Background: Tumor mutational burden (TMB) has emerged as a new biomarker for response to checkpoint inhibitor immunotherapy. Recently, we described a novel assay to calculate TMB from the circulating tumor DNA (ctDNA) in the blood (bTMB) and demonstrated validation to support its application in a prospective phase III trial in 1L NSCLC comparing the anti-PD-L1 agent, atezolizumab, against standard of care chemotherapy. Herein, we demonstrate clinical utility of the bTMB assay across a retrospective study of 794 NSCLC patients from two randomized clinical trials evaluating progression free survival (PFS) and overall survival (OS) between atezolizumab and chemotherapy. Furthermore, we compare TMB between tissue and blood, and evaluate variant-level concordance between the bTMB assay and the CLIA-validated ctDNA assay, FoundationACT (FACT).
Methods: Cell free DNA (cfDNA) from plasma was isolated from retrospective clinical samples. The bTMB assay delivered a count of somatic base substitutions in the ctDNA down to 0.5% allele frequency across 394 genes from as little as 1% tumor content, yielding a bTMB score. Tissue TMB was evaluated from formalin-fixed, paraffin embedded specimens using the FoundationOne assay.
Results: Patients with bTMB ≥14 mut/Mb were considered high, and demonstrated significant enrichment for both PFS and OS in the phase II POPLAR study evaluating atezolizumab vs. chemotherapy (PFS HR = 0.57, OS HR = 0.56, n=211). Survival results were validated in the larger phase III study, OAK (PFS HR = 0.65, OS HR = 0.64, n=583). Significant enrichment in PFS was observed between bTMB-high and non-high patients receiving atezolizumab, however this effect was not observed for patients receiving chemotherapy. Amongst 259 patients with blood and tissue TMB, overall and positive percent agreement (PPA) in the TMB categorical result were 81.5% and 63.6%, respectively. When bTMB was restricted to the 62 gene FACT assay, the PPA dropped to 17.0%, suggesting a sufficiently sized panel is required to sensitively identify patients with high TMB. When samples were TMB-high in blood, the median percent overlap of TMB variants between blood and tissue was 70%. Blood samples tested in both the bTMB and FACT assays revealed that 93% of variants were detected in both assays across overlapping regions, with ≥99% of variants detected in both platforms with variant allele frequency ≥1.0%.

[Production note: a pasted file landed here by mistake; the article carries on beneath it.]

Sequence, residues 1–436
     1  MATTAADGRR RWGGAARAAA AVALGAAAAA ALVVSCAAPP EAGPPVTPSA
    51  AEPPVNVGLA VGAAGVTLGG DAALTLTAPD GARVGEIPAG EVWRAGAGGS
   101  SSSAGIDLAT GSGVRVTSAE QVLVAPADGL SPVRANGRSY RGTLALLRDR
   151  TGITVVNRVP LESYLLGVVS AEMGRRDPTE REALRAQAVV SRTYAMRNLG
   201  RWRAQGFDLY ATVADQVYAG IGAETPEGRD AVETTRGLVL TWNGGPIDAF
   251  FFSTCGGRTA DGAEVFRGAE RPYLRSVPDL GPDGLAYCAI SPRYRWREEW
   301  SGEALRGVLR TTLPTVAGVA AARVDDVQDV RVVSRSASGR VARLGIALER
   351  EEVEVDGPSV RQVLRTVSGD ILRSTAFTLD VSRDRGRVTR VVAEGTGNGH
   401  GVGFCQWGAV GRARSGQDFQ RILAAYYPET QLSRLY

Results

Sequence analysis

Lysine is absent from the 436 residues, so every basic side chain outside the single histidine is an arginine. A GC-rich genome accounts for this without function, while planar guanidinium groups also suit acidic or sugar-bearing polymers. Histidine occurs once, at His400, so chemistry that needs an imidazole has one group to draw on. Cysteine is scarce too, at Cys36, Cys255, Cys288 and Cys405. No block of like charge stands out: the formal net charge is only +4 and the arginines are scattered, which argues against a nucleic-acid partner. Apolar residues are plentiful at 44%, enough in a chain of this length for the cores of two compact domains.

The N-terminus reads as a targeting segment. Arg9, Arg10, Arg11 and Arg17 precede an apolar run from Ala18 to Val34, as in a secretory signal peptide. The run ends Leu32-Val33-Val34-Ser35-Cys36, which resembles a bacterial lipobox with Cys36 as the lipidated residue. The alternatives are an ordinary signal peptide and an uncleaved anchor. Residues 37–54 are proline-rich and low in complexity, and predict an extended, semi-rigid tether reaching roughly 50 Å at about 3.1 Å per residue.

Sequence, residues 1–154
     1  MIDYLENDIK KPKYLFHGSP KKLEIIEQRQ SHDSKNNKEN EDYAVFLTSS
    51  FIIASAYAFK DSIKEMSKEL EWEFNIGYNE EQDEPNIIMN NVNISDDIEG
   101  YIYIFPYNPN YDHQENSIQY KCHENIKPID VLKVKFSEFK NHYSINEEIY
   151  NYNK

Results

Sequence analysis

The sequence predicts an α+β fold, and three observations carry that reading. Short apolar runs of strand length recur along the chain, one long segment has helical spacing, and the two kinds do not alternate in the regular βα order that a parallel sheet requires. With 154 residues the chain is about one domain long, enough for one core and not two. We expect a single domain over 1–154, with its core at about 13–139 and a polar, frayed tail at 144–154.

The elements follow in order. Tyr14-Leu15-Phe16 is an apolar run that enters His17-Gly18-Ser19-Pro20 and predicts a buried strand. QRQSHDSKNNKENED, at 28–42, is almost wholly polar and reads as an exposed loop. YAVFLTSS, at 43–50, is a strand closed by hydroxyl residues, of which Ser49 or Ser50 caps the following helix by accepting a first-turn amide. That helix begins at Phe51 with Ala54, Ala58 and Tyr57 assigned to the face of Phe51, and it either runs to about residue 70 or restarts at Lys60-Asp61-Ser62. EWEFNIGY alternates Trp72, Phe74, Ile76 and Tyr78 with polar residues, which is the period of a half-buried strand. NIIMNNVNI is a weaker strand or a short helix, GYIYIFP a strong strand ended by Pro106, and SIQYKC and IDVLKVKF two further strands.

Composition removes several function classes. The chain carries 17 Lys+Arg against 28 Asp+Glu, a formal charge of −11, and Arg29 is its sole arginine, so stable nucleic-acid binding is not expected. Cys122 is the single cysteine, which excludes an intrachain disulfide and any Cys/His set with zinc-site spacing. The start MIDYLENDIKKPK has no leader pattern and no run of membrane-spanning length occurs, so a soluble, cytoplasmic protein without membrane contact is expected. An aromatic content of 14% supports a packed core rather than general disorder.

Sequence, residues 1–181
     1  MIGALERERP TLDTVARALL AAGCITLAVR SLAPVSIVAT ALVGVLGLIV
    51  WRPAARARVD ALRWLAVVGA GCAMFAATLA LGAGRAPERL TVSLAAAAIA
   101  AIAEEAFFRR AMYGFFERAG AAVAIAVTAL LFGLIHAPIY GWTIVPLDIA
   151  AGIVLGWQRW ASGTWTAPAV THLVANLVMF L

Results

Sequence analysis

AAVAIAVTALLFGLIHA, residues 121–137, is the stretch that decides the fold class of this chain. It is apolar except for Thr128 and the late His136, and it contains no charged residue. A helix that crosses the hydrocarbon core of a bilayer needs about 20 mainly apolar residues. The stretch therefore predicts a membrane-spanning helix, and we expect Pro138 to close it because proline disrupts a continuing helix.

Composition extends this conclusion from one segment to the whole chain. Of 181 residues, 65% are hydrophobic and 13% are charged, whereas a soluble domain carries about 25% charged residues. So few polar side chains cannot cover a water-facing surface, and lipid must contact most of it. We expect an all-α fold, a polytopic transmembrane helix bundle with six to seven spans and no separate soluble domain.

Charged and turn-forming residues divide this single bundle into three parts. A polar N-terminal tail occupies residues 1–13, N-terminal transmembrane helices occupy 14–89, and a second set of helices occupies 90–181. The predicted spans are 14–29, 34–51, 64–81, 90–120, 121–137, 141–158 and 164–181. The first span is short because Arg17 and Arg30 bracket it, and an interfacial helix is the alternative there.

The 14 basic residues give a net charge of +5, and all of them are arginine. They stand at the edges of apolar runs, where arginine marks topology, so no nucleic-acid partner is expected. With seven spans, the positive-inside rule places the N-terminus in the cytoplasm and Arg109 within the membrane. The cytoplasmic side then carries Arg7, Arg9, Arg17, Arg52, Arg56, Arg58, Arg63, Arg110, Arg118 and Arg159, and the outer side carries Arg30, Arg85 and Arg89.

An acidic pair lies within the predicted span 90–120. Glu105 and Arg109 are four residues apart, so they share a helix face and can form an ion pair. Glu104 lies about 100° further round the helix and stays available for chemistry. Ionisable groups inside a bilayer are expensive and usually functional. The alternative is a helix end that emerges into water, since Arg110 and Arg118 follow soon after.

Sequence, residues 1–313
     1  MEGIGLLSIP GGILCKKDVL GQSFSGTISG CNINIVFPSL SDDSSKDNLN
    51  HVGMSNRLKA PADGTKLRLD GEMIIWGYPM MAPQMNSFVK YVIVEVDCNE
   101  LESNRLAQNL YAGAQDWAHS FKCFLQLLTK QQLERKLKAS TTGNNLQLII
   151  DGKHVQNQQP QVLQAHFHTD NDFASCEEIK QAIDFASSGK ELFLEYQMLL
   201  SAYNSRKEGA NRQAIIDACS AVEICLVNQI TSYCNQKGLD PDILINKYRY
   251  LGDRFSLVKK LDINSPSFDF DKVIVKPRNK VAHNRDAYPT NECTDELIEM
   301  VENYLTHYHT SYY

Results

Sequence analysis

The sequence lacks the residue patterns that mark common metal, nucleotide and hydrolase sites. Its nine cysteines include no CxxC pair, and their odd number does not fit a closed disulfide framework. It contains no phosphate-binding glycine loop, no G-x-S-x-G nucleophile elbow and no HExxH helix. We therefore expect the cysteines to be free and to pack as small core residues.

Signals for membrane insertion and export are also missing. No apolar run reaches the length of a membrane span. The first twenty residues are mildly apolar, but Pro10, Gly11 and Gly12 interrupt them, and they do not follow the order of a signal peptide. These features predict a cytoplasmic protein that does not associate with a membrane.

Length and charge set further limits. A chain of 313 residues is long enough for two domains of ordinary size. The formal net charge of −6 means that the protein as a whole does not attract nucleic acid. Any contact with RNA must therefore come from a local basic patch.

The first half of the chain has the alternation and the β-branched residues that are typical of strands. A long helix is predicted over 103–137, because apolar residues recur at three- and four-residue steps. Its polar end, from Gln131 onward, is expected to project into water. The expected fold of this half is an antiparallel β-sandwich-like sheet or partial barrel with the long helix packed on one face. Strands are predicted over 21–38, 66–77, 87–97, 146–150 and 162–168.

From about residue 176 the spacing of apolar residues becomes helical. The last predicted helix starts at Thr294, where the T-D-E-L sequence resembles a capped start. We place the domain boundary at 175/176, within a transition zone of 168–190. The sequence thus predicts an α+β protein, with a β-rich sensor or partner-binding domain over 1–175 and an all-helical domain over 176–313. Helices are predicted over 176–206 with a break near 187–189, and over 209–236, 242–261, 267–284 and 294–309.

Conclusions: The bTMB assay is analytically validated for high accuracy and precision, and demonstrates a high degree of variant level concordance with the FACT assay. High bTMB is significantly associated with improved survival to atezolizumab vs. chemotherapy in 2L NSCLC, and the survival benefit is specific to atezolizumab and not prognostic. Finally, TMB between blood and tissue is correlated and largely explained by overlapping variants present in both sample types.
Citation Format: David Fabrizio, Daniel Lieber, Christine Malboeuf, Jacob Silterra, Emily White, Michael Coyne, Tina Brennan, Jie Ma, Mark Kennedy, Erica Schleifman, Sarah Paul, Yan Li, David Shames, Craig Cummings, Eric Peters, Marcin Kowanetz, Doron Lipson, Geoff Otto. A blood-based next-generation sequencing assay to determine tumor mutational burden (bTMB) is associated with benefit to an anti-PD-L1 inhibitor, atezolizumab [abstract]. In: Proceedings of the American Association for Cancer Research Annual Meeting 2018; 2018 Apr 14-18; Chicago, IL. Philadelphia (PA): AACR; Cancer Res 2018;78(13 Suppl):Abstract nr 5706.